Four new holes have been discovered in the Internet Explorer (IE) Web browser that could enable crackers to run malicious code on Windows systems, even if those systems have installed the latest software patches, security experts warned.
"Two of the vulnerabilities, first disclosed by someone using the name Rafel Igvi and posted to the NTBugtraq discussion list, allows attackers to... trick users into clicking on the bogus Web links using e-mail messages or by linking from other Web pages.... On Thursday, two more unpatched Internet Explorer holes also surfaced that are slight variations on the same themes. One is a spoofing vulnerability that works on IE, as well as the Mozilla and Safari browsers and allows attackers to fake the address displayed in the address bar. The other is a cross zone scripting hole that lets users load insecure Web pages as if they were trusted Web pages."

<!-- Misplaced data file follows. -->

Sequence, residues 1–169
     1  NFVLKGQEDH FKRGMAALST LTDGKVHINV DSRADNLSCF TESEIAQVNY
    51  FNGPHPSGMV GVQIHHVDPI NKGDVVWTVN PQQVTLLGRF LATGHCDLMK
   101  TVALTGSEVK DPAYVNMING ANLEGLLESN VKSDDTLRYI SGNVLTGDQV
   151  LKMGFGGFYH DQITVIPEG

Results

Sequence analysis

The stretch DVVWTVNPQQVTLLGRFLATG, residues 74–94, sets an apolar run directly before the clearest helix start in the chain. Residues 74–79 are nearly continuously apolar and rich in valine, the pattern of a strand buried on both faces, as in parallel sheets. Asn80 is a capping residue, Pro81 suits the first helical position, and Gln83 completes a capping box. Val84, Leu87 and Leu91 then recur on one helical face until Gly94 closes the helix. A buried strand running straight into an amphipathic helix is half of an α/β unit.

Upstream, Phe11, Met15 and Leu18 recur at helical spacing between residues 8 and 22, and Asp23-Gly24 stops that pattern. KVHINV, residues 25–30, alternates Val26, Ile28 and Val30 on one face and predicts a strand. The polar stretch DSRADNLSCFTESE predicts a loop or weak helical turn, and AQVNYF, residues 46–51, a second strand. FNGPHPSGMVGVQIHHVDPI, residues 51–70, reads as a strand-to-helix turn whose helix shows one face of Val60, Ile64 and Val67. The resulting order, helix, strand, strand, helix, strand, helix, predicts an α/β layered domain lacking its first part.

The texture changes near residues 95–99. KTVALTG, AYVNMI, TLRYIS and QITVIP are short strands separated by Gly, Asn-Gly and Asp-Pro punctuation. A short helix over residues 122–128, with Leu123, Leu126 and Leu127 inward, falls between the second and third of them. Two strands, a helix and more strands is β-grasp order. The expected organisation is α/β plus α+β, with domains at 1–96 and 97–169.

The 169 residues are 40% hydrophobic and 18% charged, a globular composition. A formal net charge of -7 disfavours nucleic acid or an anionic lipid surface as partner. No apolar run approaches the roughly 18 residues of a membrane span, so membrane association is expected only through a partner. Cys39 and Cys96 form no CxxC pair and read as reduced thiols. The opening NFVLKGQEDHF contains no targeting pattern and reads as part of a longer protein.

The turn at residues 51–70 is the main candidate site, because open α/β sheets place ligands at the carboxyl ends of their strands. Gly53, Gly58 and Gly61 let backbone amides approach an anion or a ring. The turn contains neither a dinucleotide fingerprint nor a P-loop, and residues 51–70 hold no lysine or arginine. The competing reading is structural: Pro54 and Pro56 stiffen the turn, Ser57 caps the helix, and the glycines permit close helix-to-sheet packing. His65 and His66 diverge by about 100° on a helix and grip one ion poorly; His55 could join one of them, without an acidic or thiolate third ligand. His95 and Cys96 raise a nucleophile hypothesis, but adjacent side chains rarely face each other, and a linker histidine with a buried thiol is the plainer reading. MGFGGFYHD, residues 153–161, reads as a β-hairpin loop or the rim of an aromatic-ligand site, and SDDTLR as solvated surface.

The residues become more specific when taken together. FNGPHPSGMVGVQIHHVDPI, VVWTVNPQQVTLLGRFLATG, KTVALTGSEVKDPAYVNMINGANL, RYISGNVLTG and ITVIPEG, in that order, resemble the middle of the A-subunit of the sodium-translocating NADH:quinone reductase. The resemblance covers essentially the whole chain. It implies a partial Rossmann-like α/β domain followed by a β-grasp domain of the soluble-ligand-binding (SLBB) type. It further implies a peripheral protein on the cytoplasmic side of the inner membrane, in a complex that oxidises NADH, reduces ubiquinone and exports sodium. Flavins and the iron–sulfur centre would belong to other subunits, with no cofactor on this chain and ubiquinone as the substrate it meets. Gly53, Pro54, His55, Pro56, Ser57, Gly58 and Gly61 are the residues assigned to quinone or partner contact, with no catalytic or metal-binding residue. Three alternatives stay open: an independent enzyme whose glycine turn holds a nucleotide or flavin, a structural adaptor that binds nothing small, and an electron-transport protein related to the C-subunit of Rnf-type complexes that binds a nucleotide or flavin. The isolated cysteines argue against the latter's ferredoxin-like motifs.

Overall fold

Moreover, the actual conceptual design of IE itself is under attack:
"In particular, Microsoft's implementation of "security zones" into which Web pages can be grouped is deeply flawed, as is code in IE for assessing what level of security to apply to a particular Web page URL. Fixing such problems will demand a wholesale reengineering of the often-used Web browser, something Microsoft plans to do in the next major release of Windows, code named "Longhorn."